Role of Pigeonpea Cultivation on Soil Fertility and Farming System Sustainability in Ghana

Adjei-Nsiah, S. (2012) Role of Pigeonpea Cultivation on Soil Fertility and Farming System Sustainability in Ghana. International Journal of Agronomy (702506). pp. 1-8.

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The productivity of the smallholder farming system in Ghana is under threat due to soil fertility decline. Mineral fertilizer is sparingly being used by smallholder farmers because of prohibitive cost. Grain legumes such as pigeonpea can play a complementary or alternative role as a source of organic fertilizer due to its ability to enhance soil fertility. Despite its importance, the potential of pigeonpea as a soil fertility improvement crop has not been exploited to any appreciable extent and the amount of land cultivated to pigeonpea in Ghana is vey negligible. This paper synthesizes recent studies that have been carried out on pigeonpea in Ghana and discusses the role of pigeonpea cultivation in soil fertility management and its implication for farming system sustainability. The paper shows that recent field studies conducted in both the semi-deciduous forest and the forest/savanna transitional agro-ecological zones of Ghana indicate that pigeonpea/maize rotations can increase maize yield by 75–200%. Barrier to widespread adoption of pigeonpea include land tenure, market, and accessibility to early maturing and high yielding varieties. The paper concludes among other things that in order to promote the cultivation of pigeonpea in Ghana, there is the need to introduce varieties that combine early maturity with high yields and other desirable traits based on farmers preferences.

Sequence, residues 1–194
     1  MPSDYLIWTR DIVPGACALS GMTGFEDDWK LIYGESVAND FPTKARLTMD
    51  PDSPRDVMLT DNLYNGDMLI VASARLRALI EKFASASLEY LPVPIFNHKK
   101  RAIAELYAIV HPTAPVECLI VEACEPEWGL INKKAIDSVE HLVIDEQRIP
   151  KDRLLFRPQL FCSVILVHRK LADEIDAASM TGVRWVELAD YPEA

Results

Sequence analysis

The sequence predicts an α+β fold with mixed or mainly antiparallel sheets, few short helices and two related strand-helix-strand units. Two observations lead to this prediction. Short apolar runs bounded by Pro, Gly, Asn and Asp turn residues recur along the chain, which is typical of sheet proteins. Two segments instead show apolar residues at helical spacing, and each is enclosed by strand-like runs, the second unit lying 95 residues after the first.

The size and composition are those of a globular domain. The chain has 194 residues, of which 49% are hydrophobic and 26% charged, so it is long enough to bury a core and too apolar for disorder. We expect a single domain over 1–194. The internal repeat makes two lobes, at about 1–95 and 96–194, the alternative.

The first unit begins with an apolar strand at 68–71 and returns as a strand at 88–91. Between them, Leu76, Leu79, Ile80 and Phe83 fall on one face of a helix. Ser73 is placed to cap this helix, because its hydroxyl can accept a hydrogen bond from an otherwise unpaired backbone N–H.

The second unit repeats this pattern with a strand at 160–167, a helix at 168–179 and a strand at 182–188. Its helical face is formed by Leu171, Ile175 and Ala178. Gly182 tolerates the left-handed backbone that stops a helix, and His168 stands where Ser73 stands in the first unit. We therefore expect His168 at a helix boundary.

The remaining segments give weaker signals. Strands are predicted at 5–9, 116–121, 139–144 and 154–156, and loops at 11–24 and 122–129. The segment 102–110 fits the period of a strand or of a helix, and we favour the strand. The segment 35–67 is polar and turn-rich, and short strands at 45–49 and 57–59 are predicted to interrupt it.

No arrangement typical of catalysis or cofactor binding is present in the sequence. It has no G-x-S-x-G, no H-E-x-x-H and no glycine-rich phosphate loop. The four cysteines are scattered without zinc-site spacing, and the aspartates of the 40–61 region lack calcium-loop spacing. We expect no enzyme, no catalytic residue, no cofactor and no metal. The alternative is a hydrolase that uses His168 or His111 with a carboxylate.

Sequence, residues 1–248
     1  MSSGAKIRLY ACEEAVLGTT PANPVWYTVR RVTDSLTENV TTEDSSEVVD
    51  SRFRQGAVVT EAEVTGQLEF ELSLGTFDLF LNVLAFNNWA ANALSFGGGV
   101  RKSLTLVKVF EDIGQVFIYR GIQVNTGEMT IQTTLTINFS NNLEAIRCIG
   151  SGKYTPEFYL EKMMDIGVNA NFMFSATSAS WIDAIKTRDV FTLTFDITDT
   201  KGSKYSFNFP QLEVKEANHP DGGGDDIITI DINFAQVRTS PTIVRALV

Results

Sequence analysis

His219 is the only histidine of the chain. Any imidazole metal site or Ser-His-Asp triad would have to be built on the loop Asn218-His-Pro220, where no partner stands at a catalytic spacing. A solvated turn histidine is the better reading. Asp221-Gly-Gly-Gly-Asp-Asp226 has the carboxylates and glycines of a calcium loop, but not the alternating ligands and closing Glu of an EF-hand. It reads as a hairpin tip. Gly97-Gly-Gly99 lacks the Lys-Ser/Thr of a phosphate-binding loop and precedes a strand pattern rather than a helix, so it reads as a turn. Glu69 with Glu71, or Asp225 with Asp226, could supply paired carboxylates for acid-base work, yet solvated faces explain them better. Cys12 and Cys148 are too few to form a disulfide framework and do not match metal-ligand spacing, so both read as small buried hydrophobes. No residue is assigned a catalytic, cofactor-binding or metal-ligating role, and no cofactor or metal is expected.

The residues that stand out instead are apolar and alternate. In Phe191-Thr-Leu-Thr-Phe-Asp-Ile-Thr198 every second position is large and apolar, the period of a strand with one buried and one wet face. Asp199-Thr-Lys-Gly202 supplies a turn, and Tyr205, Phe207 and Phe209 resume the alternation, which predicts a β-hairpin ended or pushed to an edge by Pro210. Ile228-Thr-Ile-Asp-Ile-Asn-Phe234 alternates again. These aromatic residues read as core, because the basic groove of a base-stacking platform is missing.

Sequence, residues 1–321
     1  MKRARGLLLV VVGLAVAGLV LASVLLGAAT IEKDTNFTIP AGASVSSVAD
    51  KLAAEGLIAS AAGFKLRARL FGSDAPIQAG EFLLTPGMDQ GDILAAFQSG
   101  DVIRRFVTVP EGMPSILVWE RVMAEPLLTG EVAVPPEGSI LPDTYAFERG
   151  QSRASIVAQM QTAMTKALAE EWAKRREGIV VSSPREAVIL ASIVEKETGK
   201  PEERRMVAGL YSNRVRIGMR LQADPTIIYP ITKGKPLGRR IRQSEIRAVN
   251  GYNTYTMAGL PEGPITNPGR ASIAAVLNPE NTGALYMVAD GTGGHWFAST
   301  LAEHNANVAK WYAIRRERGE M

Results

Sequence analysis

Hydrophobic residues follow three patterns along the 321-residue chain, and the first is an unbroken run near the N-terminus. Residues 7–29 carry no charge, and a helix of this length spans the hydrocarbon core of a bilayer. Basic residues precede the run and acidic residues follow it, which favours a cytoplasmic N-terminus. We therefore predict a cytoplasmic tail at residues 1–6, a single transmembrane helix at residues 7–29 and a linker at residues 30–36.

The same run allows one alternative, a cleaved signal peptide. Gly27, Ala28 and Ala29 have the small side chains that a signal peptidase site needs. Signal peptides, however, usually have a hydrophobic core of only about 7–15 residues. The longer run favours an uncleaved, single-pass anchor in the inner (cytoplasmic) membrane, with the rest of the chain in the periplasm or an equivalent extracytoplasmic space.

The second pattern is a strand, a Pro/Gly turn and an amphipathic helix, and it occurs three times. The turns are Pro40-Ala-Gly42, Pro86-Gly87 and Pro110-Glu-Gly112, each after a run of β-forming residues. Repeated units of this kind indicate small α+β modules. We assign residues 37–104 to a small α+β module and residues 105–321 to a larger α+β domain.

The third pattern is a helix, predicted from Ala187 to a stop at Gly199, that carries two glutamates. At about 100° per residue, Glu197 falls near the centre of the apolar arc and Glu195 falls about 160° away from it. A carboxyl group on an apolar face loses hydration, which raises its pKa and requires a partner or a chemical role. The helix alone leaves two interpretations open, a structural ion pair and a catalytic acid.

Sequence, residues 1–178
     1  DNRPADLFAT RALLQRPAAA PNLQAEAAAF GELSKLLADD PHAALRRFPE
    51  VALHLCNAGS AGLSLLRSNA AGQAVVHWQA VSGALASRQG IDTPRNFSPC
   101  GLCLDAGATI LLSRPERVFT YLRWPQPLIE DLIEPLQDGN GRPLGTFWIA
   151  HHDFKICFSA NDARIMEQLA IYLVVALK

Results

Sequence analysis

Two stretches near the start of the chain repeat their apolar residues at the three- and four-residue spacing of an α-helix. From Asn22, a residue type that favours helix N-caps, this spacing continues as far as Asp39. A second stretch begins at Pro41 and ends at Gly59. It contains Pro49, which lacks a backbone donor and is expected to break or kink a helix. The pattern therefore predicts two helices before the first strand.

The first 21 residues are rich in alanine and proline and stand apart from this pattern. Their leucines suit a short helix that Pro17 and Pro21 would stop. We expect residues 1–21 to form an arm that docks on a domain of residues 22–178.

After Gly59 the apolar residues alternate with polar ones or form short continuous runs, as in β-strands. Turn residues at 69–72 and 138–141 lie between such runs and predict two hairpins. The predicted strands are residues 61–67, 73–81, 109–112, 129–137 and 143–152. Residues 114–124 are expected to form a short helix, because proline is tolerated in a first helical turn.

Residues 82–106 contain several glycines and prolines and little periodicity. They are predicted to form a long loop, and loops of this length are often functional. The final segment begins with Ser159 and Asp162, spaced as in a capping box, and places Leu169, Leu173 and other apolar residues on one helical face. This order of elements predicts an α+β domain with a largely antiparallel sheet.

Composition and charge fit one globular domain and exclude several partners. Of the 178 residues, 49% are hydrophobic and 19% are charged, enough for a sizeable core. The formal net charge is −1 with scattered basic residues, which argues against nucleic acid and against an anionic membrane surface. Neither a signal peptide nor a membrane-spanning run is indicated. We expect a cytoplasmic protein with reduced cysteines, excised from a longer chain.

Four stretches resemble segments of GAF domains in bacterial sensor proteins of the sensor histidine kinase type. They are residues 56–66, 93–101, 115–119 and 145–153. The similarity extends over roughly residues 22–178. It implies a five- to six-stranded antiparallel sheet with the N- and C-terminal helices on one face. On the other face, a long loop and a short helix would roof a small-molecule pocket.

Item Type: Article
Additional Information: The author is grateful to the two anonymous reviewers who reviewed an earlier version of this paper. Financial support towards this work provided by the Interdisciplinary Research and Education Fund (INREF) of Wageningen University and Research Centre, and The Netherlands and the Dutch Ministry for International Cooperation (DGIS) is gratefully acknowledged. The author also thanks the International Development Centre for funding the climate change adaption in Africa project through the University of Zimbabwe
Author Affiliation: Forest and Horticultural Crops Research Centre, Kade, Institute of Agricultural Research, College of Agriculture and Consumer Sciences, University of Ghana, P.O. Box 68, Legon, Ghana
Subjects: Plant Production
Soil Science and Microbiology
Divisions: Pigeonpea
Depositing User: Mr. SanatKumar Behera
Date Deposited: 01 Sep 2012 10:43
Last Modified: 01 Sep 2012 10:44
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